The Trumpet Medical Advisor

To contact me, please click on my email address in blue, at the right, for any health or health related problems or questions that you have. You will get a personal and confidential response from me.

Patricia Naeder, RN, BS.


April, 2010 Edition


Springtime is what we all look forward to, but for allergy sufferers it’s a bit of a challenge. Be pro-active so that you are prepared with your arsenal of therapies and your symptoms are kept to a minimum.

You should have your Physician monitoring your allergies so that you can maintain optimum health, but in the meantime here is a quick reference list for you:

1. Common offending allergens are called pollen. They are millions of particles that are released from simple trees, weeds, and goldenrod. They are more plentiful in the Spring.

2. When you are exposed to them they get in your eyes, nose, lungs, mouth, and skin. Your symptoms can be sneezing, itchy eyes,  runny nose, cough, bronchospasm, headache, fainting, itchy skin (pruritis), nausea, vomiting, diarrhea, abdominal pain, and possibly breathing problems.

3. The offending allergen comes in contact with the body triggering the reaction. The body recognizes the attack and defense cells are sent out to come to your aid, and attack the offending allergen. In their attempt to immobilize the allergen, copious amounts of fluid are released, causing congestion in your nose, eyes, ears, sinuses, and possibly lungs too.

4. The ear has three basic sections:

a. An external ear canal that leads to your ear drum, (tympanic membrane).

b. Beyond that is your middle ear compartment which has the 3 little bones that vibrate when your hear sound. They are the stapes, incus, and malleus bones. There should only be air in your middle ear compartment. From the middle ear there is the Eustachian tube which leads to the back of your throat. This should also have only air in it to stabilize. If the Eustachian tubes are “crackling” that means you have fluid in there, which should not be there and needs treatment.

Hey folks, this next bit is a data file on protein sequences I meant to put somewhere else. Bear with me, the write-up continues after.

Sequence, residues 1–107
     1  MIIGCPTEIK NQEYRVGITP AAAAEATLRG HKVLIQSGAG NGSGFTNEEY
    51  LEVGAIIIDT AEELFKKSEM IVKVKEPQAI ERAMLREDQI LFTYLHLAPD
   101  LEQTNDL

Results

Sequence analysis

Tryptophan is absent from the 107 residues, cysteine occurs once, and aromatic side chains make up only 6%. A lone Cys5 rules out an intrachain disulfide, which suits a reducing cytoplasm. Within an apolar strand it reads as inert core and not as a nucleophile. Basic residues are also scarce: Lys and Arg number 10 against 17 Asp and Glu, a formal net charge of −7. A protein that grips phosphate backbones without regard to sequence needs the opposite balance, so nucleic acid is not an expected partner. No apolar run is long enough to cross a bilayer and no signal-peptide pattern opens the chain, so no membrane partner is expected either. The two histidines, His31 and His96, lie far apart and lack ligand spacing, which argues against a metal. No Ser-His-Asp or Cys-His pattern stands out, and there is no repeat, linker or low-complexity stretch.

c. Beyond that is your inner ear which holds fluid and the semi-circular canals which are responsible for your balance and spatial orientation.

5. What can you do to treat the overload of fluid from your offending allergen? Anti-histamines will block enough of the  histamine release, which is producing the fluid. during this microbiological battle, to give you relief.   

You can get over-the-counter anti-histamines that are very effective. The traditional ones can cause drowsiness, which is great if you’re going to sleep, but choose the non-drowsy anti-histamines if you must work, go to school, or drive. There are also prescription anti-histamines that your Physician can prescribe for you.

Caution: Antihistamines are Not indicated to be used for asthma symptoms.

6. The next thing that you can do also, is take a decongestant. Decongestants will open your airway passages. Sometimes it only takes a small dose to achieve great relief with this class of medications. The goal is not to have so much fluid confined in small spaces where only air should be.

Warning about decongestants: They can stimulate your heart rate and because they constrict blood vessels, can raise your blood pressure, so consult your physician for guidance. Take the smallest amount needed to achieve relief. Combining an anti-histamine and decongestant usually gives the greatest relief. You can buy them in a combination pills or capsules at the pharmacy. Consult your Pharmacist for recommendations.

7. Another reason for treating this fluid accumulation is that the fluid that is now building up and staying trapped in your middle ear, Eustachian tube, sinuses, and nose, is providing a perfect breeding ground for bacteria to move in and multiply. Now you get a secondary infection. Caution: Antihistamines are Not indicated to be used for asthma symptoms.